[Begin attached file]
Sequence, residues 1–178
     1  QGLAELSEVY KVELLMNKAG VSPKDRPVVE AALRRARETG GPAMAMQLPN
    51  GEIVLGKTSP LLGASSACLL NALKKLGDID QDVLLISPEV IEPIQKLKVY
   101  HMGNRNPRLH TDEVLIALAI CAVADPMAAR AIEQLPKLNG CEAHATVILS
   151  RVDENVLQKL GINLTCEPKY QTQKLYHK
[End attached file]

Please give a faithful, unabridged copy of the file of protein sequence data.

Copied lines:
Sequence, residues 1–178
     1  QGLAELSEVY KVELLMNKAG VSPKDRPVVE AALRRARETG GPAMAMQLPN
    51  GEIVLGKTSP LLGASSACLL NALKKLGDID QDVLLISPEV IEPIQKLKVY
   101  HMGNRNPRLH TDEVLIALAI CAVADPMAAR AIEQLPKLNG CEAHATVILS
   151  RVDENVLQKL GINLTCEPKY QTQKLYHK